Alexander F. Victor

Alexander Victor (Source: University of Iowa Libraries)Swedish-American magician, inventor

Victor was born in Bollnas, Sweden on 20 June 1878; his father was a Swedish Army officer. He studied for a period under the physicist Salomon Andrée, who quickened his interest in physics and mechanics. Victor was sixteen in 1894 when he attended a performance of Stephanio, a renowned magician. He joined the act and added several illusions while on tour in Europe. While Stephanio was performing in Paris in 1896, Victor saw a Lumière Cinématographe presentation. He later claimed that after much persuasion, Lumières Frères sold him a Cinématographe, 'Number 17', and some 15 metre films, and moving pictures were added to Stephanio's magic show. Late in 1896 Stephanio died in Cairo. Victor (so the story goes) successfully carried on the show, as 'The Boy Wonder of Magic and Illusion' - and later as 'Alexander the Great' - through the Near East and India until 1900, when he travelled to the USA. In the summer of 1897 Victor rented a vacant shop store in Newark, New Jersey, and showed films on an Edison Projecting Kinetoscope plus live music from Bowman's Military Band.

Until 1908, he operated two melodrama companies, and when these folded he worked at the Edison Laboratories at East Orange, New Jersey, and also developed a motorised washing machine for the White Lily Washing Machine Company of Davenport, Iowa. He developed various ideas for amateur motion-picture equipment using images on discs, and in 1910 obtained funding from the directors of the White Lily Company to form the New Victor Animato-Graph Co. (later Victor Animatograph Co.) and over the next few years produced and marketed several novel motion picture and slide projectors. In 1917 he designed and built the portable Victor Safety Cinema, using a variation of the French Pathé 28 mm safety film, urging the Society of Motion Picture Engineers to adopt this as a new standard for projection in Schools and churches, but its success was limited. In 1923 Kodak announced the 16 mm film standard, and Victor immediately designed and marketed a camera and projector, helping create the mass market for educational, industrial and religious film-users. Victor 16 mm equipment was highly successful into the sound-film era and post-war years. His final projects were a new 8 mm camera and a 'Multicolor Televisor'.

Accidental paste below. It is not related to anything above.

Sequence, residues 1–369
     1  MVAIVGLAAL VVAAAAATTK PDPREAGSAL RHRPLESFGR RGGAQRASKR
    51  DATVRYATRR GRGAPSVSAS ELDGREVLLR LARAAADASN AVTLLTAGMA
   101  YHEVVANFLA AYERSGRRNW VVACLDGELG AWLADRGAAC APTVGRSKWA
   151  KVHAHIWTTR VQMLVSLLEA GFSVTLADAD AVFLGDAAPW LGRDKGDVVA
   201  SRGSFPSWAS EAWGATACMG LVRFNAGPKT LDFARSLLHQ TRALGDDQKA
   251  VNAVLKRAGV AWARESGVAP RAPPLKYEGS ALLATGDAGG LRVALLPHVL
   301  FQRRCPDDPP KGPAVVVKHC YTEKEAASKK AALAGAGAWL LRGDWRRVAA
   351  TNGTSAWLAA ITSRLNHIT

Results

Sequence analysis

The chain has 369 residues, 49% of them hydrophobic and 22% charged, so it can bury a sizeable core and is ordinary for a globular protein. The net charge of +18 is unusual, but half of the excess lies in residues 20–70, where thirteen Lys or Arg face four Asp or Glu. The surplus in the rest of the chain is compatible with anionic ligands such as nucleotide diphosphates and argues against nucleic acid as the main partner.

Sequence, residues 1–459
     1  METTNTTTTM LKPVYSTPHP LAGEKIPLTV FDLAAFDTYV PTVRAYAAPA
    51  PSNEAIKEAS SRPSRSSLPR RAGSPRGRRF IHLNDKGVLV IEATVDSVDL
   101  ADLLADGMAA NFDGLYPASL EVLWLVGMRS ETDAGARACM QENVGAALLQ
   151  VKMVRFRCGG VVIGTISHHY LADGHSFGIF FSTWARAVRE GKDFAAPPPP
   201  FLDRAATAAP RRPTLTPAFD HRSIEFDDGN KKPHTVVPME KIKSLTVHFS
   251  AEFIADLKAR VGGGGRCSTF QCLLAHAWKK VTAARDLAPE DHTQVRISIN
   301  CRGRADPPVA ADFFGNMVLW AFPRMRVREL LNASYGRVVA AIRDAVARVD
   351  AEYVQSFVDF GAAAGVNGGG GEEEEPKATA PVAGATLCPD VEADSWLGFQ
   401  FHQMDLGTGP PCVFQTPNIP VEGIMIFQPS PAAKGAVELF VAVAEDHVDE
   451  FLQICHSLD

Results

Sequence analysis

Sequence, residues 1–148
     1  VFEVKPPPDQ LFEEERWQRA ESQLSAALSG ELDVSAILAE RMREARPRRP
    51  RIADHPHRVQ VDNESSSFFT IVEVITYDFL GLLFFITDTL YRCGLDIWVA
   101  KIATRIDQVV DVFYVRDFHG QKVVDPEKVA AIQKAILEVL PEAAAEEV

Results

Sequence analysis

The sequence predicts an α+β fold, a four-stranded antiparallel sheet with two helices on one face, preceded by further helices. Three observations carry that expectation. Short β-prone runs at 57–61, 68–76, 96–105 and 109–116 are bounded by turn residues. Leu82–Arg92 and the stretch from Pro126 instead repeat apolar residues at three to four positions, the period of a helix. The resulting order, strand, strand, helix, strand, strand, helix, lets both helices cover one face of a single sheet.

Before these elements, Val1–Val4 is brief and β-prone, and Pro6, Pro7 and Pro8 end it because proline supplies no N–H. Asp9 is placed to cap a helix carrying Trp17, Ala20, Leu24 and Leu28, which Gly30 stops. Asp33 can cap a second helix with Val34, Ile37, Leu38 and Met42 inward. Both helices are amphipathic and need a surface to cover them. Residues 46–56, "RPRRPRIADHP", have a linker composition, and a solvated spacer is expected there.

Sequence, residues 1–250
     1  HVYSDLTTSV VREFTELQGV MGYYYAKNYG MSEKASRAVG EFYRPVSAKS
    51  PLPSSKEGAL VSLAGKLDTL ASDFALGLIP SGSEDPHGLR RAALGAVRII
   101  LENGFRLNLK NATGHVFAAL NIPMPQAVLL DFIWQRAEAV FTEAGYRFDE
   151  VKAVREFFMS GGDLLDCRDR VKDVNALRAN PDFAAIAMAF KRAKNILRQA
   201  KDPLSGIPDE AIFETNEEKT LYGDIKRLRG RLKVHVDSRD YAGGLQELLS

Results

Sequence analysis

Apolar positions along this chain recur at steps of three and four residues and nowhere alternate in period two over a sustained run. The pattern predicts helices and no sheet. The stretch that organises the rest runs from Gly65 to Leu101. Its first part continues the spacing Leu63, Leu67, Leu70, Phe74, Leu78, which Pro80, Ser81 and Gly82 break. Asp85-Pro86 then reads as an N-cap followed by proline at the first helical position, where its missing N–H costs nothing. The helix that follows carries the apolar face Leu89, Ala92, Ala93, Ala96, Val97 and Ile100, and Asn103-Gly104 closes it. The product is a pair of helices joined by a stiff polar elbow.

Stephen Herbert